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J Bacteriol. 2010 May;192(9):2445-58. doi: 10.1128/JB.01618-09. Epub 2010 Mar 5.

Physiological and transcriptional response of Lactobacillus casei ATCC 334 to acid stress.

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Department of Nutrition, Dietetics, and Food Sciences, Utah State University, 8700 Old Main Hill, Logan, UT 84322-8700, USA.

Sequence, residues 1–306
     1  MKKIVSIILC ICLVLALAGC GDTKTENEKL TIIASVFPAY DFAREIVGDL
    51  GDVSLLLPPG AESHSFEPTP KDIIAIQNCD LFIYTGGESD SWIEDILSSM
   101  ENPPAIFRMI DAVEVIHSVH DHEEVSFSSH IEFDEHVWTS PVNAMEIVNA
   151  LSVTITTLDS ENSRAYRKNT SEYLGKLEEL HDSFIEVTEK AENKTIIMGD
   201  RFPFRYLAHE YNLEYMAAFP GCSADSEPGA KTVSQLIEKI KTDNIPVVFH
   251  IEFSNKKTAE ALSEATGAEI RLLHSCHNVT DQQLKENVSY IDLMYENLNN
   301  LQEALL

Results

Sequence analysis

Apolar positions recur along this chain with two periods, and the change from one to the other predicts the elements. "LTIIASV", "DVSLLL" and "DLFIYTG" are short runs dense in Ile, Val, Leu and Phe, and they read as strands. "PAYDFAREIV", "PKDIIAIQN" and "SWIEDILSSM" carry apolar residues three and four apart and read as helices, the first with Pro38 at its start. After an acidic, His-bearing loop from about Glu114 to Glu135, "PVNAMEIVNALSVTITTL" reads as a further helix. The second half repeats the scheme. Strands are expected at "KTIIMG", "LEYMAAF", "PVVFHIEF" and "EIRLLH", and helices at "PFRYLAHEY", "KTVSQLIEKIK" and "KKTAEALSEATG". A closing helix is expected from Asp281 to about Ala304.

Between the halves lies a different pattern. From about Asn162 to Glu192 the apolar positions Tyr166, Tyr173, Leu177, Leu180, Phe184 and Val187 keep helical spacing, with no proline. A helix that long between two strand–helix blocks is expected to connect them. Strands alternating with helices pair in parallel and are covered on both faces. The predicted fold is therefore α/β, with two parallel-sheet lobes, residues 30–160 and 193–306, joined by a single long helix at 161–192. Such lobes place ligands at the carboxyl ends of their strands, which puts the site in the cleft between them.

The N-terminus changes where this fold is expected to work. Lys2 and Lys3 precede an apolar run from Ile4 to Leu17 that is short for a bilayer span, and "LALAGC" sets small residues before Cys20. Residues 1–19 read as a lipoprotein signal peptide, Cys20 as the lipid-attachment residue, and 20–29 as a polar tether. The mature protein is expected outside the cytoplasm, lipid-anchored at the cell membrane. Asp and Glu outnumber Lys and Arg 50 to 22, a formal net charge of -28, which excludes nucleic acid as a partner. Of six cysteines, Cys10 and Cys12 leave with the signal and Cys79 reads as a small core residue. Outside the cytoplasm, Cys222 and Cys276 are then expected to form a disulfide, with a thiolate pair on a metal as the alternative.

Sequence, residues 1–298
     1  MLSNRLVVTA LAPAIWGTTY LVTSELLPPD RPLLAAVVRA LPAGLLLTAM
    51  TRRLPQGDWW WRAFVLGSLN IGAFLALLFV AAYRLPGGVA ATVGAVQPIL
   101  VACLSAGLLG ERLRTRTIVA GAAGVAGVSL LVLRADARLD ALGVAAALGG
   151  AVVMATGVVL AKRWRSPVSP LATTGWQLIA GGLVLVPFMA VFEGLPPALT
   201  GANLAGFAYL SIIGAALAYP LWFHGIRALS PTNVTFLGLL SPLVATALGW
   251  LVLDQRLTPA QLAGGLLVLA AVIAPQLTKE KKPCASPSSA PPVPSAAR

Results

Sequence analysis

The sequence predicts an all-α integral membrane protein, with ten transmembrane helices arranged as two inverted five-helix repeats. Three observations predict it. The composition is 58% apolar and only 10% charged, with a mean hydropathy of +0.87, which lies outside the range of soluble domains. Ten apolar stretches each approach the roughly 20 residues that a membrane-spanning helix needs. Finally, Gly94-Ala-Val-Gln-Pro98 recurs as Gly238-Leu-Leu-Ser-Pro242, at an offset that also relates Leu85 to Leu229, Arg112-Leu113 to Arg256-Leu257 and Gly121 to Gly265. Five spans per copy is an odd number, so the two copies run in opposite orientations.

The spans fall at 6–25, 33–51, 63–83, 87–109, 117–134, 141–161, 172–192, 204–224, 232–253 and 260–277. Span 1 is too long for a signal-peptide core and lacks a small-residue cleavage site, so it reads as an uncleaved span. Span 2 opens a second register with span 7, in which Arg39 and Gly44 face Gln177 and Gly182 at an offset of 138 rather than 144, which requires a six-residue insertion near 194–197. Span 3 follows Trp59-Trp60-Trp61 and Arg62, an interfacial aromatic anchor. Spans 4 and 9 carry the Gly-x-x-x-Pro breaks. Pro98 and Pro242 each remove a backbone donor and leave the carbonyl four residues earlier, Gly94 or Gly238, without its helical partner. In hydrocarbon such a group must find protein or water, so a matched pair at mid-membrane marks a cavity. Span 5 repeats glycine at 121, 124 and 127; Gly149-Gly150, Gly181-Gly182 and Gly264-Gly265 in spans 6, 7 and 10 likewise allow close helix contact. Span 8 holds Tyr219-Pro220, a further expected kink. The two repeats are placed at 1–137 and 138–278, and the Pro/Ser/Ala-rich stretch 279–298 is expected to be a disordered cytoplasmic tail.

This study investigated features of the acid tolerance response (ATR) in Lactobacillus casei ATCC 334. To optimize ATR induction, cells were acid adapted for 10 or 20 min at different pH values (range, 3.0 to 5.0) and then acid challenged at pH 2.0. Adaptation over a broad range of pHs improved acid tolerance, but the highest survival was noted in cells acid adapted for 10 or 20 min at pH 4.5. Analysis of cytoplasmic membrane fatty acids (CMFAs) in acid-adapted cells showed that they had significantly (P < 0.05) higher total percentages of saturated and cyclopropane fatty acids than did control cells. Specifically, large increases in the percentages of C(14:0), C(16:1n(9)), C(16:0), and C(19:0(11c)) were noted in the CMFAs of acid-adapted and acid-adapted, acid-challenged cells, while C(18:1n(9)) and C(18:1n(11)) showed the greatest decrease. Comparison of the transcriptome from control cells (grown at pH 6.0) against that from cells acid adapted for 20 min at pH 4.5 indicated that acid adaption invoked a stringent-type response that was accompanied by other functions which likely helped these cells resist acid damage, including malolactic fermentation and intracellular accumulation of His. Validation of microarray data was provided by experiments that showed that L. casei survival at pH 2.5 was improved at least 100-fold by chemical induction of the stringent response or by the addition of 30 mM malate or 30 mM histidine to the acid challenge medium. To our knowledge, this is the first report that intracellular histidine accumulation may be involved in bacterial acid resistance.

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